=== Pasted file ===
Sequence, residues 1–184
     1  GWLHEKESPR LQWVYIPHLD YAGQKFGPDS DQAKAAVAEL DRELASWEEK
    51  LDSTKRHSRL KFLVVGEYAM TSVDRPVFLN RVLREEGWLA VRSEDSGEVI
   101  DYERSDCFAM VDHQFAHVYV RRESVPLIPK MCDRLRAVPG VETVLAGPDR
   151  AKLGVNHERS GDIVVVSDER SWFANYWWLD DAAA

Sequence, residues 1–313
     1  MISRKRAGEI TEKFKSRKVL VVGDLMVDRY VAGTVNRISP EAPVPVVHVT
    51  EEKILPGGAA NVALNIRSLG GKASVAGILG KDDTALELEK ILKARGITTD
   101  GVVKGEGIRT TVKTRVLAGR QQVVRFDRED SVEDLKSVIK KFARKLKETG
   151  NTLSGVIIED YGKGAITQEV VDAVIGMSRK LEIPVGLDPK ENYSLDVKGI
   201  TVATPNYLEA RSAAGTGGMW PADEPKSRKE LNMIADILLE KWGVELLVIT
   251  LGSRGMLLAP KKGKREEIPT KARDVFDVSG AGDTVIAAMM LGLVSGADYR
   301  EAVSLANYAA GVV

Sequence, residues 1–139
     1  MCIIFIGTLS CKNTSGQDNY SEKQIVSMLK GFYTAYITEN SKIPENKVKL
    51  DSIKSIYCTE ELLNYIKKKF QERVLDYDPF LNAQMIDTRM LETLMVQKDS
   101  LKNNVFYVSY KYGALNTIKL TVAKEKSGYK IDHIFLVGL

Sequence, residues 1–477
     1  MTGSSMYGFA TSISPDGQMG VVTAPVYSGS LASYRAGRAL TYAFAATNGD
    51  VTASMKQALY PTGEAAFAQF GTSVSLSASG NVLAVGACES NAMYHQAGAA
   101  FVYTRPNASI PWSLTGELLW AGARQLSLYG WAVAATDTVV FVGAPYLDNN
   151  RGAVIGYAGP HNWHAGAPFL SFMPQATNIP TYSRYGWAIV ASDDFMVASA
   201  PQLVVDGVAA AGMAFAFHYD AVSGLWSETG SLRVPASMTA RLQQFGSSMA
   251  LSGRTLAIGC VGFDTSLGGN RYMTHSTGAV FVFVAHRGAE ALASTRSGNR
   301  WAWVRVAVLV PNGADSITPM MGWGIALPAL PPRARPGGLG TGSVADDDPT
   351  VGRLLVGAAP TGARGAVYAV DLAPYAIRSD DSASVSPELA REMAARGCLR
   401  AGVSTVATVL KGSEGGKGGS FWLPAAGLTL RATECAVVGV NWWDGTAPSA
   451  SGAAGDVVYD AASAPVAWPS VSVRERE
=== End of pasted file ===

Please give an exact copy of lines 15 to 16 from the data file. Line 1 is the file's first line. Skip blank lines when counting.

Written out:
     1  MCIIFIGTLS CKNTSGQDNY SEKQIVSMLK GFYTAYITEN SKIPENKVKL
    51  DSIKSIYCTE ELLNYIKKKF QERVLDYDPF LNAQMIDTRM LETLMVQKDS